Giant Crab Fishery Management

Fishery Management

The Tasmanian Department of Natural Resources and Environment (NRE) manages the fishery with the Giant Crab Management Plan under the Living Marine Resources Management Act (1995). The entire fishery is managed by Tasmania under an Offshore Constitutional Settlement (OCS) between the Australian Government and the Government of Tasmania despite the majority of catch taken in Commonwealth waters.

The Giant Crab Fishery has 8 management areas. However, for stock assessments the data is pooled into state-wide Tasmanian assessment that is used for management decision making. Researchers at IMAS also pool the data into two regions East (Assessment Areas 1 – 4) and West (Assessment areas 5 – 8). While no management strategies are implemented on the two zones individually, the analysis allows researchers to identify any spatial concerns and subsequent need for spatial management.

Schematic boundaries of previous assessment areas for the giant crab fishery. In recent stock assessments the data from these assessment areas are pooled into a state-wide assessment and an assessment of the Eastern (Assessment Area 1 – 4) and Western (5 – 8) regions.

Giant Crab Management Plan

The Tasmanian Giant Crab Management Plan was introduced in 1999 (NRE, 1999) and provides the regulatory framework for the commercial fishery.

The plan contains the following objectives, strategies and performance indicators.

Major Objectives

  • Maintain fish stocks at optimum sustainable levels by constraining the total catch and the size of individual giant crabs taken by the commercial sector;
  • Sustain yield and reduce incidental fishing mortality by taking fish at a size likely to result in the optimum yield from the fishery, protecting under-size giant crabs, and minimising incidental fishing mortality as a result of fishing operations;
  • Manage commercial fishing interactions by mitigating any conflict that results from competition between different fishing methods for access to shared fishing grounds;
  • Provide socio-economic benefits to the community; and
  • Provide high quality products.

Primary Strategies

  • Limit the targeted commercial catch by setting a total allowable commercial catch (TAC) and using individual transferable quotas (ITQs) to allocate proportions of the TAC;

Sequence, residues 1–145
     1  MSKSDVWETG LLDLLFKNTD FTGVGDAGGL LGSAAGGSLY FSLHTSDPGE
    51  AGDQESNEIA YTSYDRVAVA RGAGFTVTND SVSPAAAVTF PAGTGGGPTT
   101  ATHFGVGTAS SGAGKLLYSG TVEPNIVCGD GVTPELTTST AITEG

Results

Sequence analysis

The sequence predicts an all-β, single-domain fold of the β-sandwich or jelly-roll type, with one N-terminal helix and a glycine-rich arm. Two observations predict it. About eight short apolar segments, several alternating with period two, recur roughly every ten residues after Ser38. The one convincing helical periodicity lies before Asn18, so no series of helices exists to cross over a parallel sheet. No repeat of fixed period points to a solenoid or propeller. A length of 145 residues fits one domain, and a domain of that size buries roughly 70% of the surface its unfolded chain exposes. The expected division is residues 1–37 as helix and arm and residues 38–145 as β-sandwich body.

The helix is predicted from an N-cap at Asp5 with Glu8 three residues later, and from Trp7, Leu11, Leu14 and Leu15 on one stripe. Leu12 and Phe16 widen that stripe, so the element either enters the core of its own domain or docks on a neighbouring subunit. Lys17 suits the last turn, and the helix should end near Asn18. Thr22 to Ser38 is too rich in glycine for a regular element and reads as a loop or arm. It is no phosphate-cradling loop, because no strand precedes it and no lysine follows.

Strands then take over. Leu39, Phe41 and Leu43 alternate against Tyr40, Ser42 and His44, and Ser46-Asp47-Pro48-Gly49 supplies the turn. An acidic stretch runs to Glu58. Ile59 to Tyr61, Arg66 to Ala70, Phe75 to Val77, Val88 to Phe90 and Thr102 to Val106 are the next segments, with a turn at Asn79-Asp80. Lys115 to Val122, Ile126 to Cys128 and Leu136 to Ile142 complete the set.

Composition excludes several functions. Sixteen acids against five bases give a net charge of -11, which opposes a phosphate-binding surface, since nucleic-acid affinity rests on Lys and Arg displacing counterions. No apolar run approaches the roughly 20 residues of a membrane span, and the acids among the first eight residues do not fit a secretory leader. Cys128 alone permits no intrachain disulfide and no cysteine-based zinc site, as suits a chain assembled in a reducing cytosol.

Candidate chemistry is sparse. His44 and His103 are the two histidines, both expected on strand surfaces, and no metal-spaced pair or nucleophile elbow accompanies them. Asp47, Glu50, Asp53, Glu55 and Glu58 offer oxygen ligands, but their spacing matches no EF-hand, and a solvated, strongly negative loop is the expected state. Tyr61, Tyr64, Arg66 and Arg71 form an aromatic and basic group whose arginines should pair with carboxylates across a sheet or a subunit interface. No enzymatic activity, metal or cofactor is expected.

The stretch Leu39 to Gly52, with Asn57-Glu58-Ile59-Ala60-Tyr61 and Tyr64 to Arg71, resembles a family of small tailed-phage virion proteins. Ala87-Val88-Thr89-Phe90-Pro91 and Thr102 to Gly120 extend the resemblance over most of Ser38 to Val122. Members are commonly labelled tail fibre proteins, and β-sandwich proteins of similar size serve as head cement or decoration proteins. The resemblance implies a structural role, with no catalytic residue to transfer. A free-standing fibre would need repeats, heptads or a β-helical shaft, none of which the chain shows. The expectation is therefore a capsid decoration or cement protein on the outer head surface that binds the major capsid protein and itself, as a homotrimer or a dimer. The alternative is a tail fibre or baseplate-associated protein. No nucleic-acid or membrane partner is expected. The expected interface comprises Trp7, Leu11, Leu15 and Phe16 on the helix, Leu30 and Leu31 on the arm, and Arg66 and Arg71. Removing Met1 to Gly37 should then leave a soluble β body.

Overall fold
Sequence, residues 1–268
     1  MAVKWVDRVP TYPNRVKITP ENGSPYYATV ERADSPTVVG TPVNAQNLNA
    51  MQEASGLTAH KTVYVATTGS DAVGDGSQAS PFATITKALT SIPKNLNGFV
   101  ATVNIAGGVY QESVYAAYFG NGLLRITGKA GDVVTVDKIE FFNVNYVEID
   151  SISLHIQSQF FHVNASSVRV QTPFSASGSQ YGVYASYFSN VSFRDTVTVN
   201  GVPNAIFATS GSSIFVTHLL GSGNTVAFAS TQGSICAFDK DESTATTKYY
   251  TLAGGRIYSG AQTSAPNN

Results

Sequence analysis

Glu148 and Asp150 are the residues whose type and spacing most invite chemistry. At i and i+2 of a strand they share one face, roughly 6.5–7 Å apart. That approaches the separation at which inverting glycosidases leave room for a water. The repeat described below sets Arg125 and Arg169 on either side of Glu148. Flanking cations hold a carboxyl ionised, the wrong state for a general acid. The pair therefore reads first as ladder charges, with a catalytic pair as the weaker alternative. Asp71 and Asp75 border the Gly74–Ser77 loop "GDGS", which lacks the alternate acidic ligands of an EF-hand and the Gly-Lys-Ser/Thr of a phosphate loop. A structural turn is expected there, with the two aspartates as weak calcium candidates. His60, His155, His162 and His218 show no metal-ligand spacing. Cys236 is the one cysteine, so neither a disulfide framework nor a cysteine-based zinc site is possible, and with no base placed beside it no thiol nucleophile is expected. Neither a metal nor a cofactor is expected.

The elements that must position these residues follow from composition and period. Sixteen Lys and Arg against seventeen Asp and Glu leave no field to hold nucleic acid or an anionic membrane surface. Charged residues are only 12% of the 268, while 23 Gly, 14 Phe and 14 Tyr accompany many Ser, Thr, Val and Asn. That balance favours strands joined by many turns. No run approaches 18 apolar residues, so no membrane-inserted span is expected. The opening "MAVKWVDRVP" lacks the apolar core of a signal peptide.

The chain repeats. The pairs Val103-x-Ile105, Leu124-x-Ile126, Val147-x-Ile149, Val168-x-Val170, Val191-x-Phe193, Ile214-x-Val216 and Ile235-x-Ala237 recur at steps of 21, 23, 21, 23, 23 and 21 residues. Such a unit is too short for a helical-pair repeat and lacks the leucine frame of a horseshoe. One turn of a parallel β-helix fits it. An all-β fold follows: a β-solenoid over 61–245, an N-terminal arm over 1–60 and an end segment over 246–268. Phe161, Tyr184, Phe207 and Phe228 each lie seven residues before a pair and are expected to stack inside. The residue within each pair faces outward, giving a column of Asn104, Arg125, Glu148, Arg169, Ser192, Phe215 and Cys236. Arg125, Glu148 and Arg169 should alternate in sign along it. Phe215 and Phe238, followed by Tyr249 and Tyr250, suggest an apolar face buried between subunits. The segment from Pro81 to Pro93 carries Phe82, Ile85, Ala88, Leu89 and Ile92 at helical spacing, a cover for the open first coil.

• Limit access to by-catches of giant crabs;
  • Maintain minimum and maximum size limits and closures of the fishery for female giant crabs during the peak spawning period to conserve egg production, restrict fishing mortality on spawning or berried female giant crabs, and ensure a proportion of large males and females are returned to the water;
  • Maintain escape gaps to reduce incidental fishing mortality; and
  • Restrict the number of giant crab fishing vessels in the fishery and the number of giant crab traps that can be used from individual fishing vessels.

Performance Indicators and Reference Points

The giant crab management plan identifies (but is not limited to) a number of fishery performance indicators. Reference ranges defined for these indicators are deemed to represent the normal variation of the stocks and fishery. When the observed value of a performance indicator falls outside this range, a limit reference point or trigger point is said to have been exceeded, implying that some management action may be required. Reference points are exceeded when one or more of the following criteria are met:

  • The total yearly catch does not exceed 90% of TAC in any year;
  • Catch per unit effort (CPUE) for the State declines for two consecutive years;
  • Catch per unit effort (CPUE) for any region declines by a total of 20% in two years;
  • The bycatch of giant crabs taken by rock lobster fishers exceed 5 tonnes in any year; and
  • The proportion of the catch above 5 kg or below 3 kg varies by more than 30% compared to the 1996/97 distribution.

Details on the current management controls for the Tasmanian Giant Crab Fishery is provided on the NRE website at the link:

Giant Crab Enhanced Data Collection

The lack of available data is one of the greatest challenges for the Tasmanian Giant Crab Fishery and has resulted in stock assessment models not being used to estimate biomass since the 2013/14 assessment season. A lack of biological information, such as length frequency data, is the primary issue limiting the application of the stock assessment model in Tasmania in recent years. Instead, CPUE trends are currently used to indicate biomass, however, CPUE has been declining since the inception of the Tasmanian Giant Crab Fishery and precautionary management strategies have been applied in response to the high uncertainty around biomass estimates. Similar declining CPUE trends and data limitations have been experienced in giant crab fisheries in South Australia and Victoria.

IMAS researchers are participating in a cross-jurisdictional research collaboration to improve the availability and quality of giant crab data to better inform stock assessments and management strategies. The information gathered in this study will be critical to ensuring the long-term sustainability of giant crab fisheries in South Australia, Victoria and Tasmania through improved monitoring of fish stocks using innovative technologies. The approaches for enhancing data collection being investigated by researchers in this study aim to increase the availability of information with minimal burden on fishers.

You can find out more information on this project at the link: